Since the war, my family stopped watching local TV programs and put himself in the shoes of Freedom Ukraine, a Russian-language channel on which several Ukrainian TV crews joined forces to cover the war. One commentator explained the incidents in Transnistria as the Kremlin’s attempt to formally take control of the region in order to have “at least something” to report on May 9, known in Russia as Victory Day.
It’s a plausible explanation. May 9 parades glorify the Soviet conquest of fascism during World War II and commemorate the victims, but in recent years they have been used as pro-Kremlin marches. In Transnistria, the May 9 parade is now canceled. It remains to be seen what will happen in Chisinau, where the date has often been marked by marches organized by pro-Russian political parties.
One of the key symbols of these parades is the orange and black ribbon of St. George, a Russian military symbol that was banned in Moldova last week, as well as the “Z” and “V” markers adopted by Russian troops. in Ukraine. “Those who justify the killing of Ukrainians today could demand the killing of Moldovans tomorrow,” President Maia Sandu said as she signed the law into law. In response to the ban, Duma member Viktor Vodolatsky said that “the Ukrainian script will be repeated [in Moldova]”.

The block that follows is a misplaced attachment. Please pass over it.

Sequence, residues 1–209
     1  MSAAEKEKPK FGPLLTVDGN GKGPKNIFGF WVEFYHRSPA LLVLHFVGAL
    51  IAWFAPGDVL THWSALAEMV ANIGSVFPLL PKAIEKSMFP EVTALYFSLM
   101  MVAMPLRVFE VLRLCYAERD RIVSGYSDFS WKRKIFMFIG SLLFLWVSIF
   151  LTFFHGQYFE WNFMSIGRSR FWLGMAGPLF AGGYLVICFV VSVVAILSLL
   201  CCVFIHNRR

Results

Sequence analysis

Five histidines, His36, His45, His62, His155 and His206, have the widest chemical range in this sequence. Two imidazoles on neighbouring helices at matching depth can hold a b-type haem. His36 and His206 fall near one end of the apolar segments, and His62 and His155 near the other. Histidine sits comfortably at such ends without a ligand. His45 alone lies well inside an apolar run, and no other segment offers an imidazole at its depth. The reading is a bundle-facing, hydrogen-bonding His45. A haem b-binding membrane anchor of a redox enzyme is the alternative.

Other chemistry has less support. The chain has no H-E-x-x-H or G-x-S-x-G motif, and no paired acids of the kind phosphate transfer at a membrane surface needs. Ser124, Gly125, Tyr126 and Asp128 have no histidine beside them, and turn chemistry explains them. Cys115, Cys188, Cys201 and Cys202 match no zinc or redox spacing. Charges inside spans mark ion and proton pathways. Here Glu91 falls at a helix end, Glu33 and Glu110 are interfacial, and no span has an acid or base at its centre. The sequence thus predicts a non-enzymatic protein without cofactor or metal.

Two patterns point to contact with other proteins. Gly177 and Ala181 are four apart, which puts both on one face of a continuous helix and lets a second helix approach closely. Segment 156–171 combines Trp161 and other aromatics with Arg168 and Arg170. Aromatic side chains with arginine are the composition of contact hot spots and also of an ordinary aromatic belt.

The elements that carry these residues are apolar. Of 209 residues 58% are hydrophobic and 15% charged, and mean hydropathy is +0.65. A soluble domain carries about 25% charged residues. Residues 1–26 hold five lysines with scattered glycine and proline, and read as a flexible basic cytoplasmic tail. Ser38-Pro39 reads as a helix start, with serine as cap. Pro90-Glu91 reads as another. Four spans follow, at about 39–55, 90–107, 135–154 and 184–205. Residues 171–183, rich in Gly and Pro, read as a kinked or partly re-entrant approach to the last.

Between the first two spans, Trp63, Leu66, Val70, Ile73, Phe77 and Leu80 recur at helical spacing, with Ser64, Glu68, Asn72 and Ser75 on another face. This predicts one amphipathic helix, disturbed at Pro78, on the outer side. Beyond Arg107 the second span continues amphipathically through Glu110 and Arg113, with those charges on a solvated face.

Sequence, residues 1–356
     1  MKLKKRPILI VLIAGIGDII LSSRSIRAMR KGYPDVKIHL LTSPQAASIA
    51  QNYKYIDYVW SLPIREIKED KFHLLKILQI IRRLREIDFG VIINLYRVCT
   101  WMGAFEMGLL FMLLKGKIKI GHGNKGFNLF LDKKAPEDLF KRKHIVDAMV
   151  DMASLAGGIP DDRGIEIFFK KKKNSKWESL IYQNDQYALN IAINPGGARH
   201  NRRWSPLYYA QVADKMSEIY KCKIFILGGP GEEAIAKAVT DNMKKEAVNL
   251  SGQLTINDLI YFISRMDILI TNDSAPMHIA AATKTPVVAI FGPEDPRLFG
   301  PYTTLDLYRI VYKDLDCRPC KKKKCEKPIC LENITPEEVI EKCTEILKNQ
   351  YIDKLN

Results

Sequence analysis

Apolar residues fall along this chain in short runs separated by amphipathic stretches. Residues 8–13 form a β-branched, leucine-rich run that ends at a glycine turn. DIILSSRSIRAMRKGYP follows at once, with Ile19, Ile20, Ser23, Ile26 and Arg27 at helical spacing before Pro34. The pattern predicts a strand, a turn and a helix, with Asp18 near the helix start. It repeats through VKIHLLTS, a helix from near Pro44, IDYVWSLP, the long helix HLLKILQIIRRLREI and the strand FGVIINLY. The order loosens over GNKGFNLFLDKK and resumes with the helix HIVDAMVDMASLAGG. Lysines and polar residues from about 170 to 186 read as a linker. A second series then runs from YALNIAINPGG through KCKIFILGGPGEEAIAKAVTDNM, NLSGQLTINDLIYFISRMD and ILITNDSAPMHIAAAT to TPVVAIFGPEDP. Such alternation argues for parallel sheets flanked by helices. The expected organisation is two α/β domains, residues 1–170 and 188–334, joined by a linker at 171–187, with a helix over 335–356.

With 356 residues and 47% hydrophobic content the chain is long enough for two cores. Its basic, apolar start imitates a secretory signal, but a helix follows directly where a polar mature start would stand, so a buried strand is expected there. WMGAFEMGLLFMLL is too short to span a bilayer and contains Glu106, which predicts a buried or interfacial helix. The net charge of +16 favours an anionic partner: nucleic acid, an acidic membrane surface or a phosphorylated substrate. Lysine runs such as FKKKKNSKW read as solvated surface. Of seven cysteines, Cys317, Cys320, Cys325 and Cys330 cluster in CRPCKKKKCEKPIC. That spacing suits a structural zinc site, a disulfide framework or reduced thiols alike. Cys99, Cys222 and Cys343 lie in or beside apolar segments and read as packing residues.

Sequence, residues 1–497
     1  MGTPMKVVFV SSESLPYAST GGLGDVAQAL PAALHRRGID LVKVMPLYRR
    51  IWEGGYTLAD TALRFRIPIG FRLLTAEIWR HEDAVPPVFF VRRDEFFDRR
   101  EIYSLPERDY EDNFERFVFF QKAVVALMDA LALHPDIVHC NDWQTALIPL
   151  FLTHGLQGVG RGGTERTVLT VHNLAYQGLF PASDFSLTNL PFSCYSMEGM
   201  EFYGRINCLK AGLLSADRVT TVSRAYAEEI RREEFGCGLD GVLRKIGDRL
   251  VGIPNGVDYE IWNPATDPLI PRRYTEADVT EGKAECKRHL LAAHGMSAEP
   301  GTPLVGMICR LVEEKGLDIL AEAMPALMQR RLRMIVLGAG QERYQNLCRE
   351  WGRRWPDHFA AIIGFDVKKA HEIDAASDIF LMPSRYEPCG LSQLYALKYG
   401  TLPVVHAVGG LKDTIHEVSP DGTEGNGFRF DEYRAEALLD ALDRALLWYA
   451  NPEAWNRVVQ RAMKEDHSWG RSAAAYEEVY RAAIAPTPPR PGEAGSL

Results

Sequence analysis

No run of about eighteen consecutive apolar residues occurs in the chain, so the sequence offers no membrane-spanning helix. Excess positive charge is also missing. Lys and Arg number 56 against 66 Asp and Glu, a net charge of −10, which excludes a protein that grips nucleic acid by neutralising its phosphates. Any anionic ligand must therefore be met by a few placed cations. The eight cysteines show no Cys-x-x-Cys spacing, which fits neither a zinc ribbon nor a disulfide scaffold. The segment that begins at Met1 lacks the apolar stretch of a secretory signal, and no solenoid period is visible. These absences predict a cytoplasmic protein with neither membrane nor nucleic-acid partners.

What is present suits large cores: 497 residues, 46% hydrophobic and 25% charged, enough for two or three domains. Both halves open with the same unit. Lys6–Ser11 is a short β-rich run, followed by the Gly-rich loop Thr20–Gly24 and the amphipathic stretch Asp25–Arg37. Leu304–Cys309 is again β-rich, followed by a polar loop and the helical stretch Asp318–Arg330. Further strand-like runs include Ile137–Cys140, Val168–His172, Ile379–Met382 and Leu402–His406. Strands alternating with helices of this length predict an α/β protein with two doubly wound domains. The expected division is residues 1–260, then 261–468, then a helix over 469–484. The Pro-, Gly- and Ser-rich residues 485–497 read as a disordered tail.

During the first week of the war, the decaying National Socialist Modernist Hotel in Chisinau was painted yellow and blue, the colors of the Ukrainian flag. When the new law came into force, it was half-painted in orange and black, the colors of St George’s Ribbon. Police identified two people paid by the Kremlin-backed opposition PSRM party as the painters. The authorities asked the same people to cover the orange with black paint.
It gives me hope that the blue and yellow flag was a spontaneous act, while the St George ribbon was motivated by money – and excluded by law. Law and international support can protect Moldova from Russian interference in its politics. But given our small army, only the Ukrainian army now protects us from Russian aggression. I will continue to donate to them.
Paula Erizanu is a journalist and author